DVD REVIEW: Transformers - The Complete Japanese Collection
Three classic Transformers series finally arrive in the U.S...
Transformers: The Japanese Collection is currently available directly from Shout! Factory's official online store ShoutFactoryStore.com .
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In 1984 Transformers revolutionized animated storytelling with the now familiar war between the heroic Autobots and the villainous Decepticons. This first generation would go on to span three seasons, an animated feature film, and a closing three-part miniseries, finally drawing to an end in 1987. While Americans would wait nine years before getting new Transformers animation, Japanese fans were treated to three additional series: Headmasters, Super-God Masterforce, and Victory! Consisting of over 100 episodes, these series brought whole new aspects, characters, planets, and storylines to the Transformers franchise. For a variety of reasons, these Japanese series have not been commercially available in the U.S., forcing fans to seek out bootlegs and convention airings. All of that changed this year with Shout! Factory's release of TRANSFORMERS: THE JAPANESE COLLECTION, a DVD box set containing all three series complete with original Japanese audio tracks, English subtitles, and a bonus art gallery!
Transformers: The Japanese Collection comes packaged in the style you’ve come to know and love from Shout! Factory’s other TF releases. A sturdy outer box features a grayscale front cover depicting Victory’s Star Saber behind the set’s name; this matches the boxes used previously for their Transformers: Complete Series and Transformers Beast Wars: Complete Series. The side panel of the Japanese Collection is a more embellished version of the banner on the cover with the Transformers logo (complete with Autobot symbol) and titles of the three shows over a bluish star field. The back cover of the outer box has a brief history of the Transformers franchise, two small images, and a breakdown of the set’s features. Inside, you’ll find three DVD cases (one for each series) holding 4, 5, and 4 discs respectively. Each one has a full-color image on the front and stills with a description of the show on the back. Within the cases you’ll find episode breakdowns for each disc and even more imagery.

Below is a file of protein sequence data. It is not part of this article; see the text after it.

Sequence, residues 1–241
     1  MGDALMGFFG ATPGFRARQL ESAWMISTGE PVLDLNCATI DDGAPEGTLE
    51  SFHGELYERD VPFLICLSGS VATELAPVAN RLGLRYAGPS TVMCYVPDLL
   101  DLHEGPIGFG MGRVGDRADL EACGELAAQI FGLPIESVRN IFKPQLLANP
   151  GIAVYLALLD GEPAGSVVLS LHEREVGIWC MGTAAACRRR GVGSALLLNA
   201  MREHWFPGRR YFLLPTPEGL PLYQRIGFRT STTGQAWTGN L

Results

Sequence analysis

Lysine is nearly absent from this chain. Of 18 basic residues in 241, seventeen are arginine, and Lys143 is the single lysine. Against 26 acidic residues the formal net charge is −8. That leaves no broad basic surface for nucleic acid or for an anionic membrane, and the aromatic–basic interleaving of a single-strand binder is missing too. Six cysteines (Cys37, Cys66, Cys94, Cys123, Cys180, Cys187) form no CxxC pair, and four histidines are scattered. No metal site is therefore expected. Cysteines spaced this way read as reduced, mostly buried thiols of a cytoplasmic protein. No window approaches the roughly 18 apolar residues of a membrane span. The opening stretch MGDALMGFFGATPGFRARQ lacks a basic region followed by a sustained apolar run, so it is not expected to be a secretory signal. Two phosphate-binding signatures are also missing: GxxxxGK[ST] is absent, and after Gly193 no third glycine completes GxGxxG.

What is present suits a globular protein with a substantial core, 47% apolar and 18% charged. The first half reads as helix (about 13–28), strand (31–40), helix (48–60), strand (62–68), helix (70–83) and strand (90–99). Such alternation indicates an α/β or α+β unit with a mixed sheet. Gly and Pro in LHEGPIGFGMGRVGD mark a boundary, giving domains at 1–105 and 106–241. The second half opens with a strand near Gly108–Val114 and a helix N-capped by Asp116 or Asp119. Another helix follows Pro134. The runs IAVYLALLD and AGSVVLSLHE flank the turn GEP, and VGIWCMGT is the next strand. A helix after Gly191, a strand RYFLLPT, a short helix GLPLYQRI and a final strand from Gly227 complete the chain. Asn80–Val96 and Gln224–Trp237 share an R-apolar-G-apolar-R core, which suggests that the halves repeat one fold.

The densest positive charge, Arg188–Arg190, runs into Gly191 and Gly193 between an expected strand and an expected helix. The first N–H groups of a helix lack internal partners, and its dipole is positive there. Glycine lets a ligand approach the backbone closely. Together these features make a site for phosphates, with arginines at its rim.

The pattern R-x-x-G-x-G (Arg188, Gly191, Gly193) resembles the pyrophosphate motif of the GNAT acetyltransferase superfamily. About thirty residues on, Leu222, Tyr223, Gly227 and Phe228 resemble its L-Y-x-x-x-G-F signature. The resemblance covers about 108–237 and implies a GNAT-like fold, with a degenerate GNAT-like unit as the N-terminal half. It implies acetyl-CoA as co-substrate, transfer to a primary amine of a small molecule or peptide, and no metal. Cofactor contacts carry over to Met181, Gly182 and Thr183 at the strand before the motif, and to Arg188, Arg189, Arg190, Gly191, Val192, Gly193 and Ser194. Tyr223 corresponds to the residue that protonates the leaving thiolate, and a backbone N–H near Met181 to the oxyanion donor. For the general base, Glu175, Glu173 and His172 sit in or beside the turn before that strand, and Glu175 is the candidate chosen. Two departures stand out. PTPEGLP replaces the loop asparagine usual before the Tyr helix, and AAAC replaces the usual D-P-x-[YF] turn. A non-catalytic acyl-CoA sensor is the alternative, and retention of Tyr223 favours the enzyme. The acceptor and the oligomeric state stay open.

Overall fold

At the end of 1987’s Transformers run the final miniseries “Rebirth” introduced viewers to a variety of new types of Autobots and Decepticons like Headmasters and Targetmasters while essentially keeping the status quo of the never ending battle. In Japan, Takara opted not to air the Rebirth finale, instead creating a new saga called Headmasters. Though it takes places only one year after the return of Optimus Prime, Headmasters once again kills off Optimus in a noble sacrifice, placing leadership of the Autobots in Rodimus Prime’s hands.
The action takes place on multiple planets with different factions of Transformers, from Earth to Cybertron, Athenia, Chaar, and Master. Both sides of the conflict are bolstered by new allies including the Headmasters themselves (in this version they’re small Cybertronians who build large Transtector bodies/vehicles to pilot) as well as Targetmasters (Transformers paired with smaller Cybertronians who turn into weapons). For even more information on the Headmasters series, see our review on the individual DVD release HERE.
While American TV shows and cartoons tend to run on and on until they’re cancelled, other countries tend to quit while they’re ahead or change things up rather than get stale. This is what happened with Transformers in Japan. Head writer Masumi Kaneda felt that Headmasters concluded what we now think of as the Generation 1 era, and so embarked upon something new and different when he began the next series: Super-God Masterforce.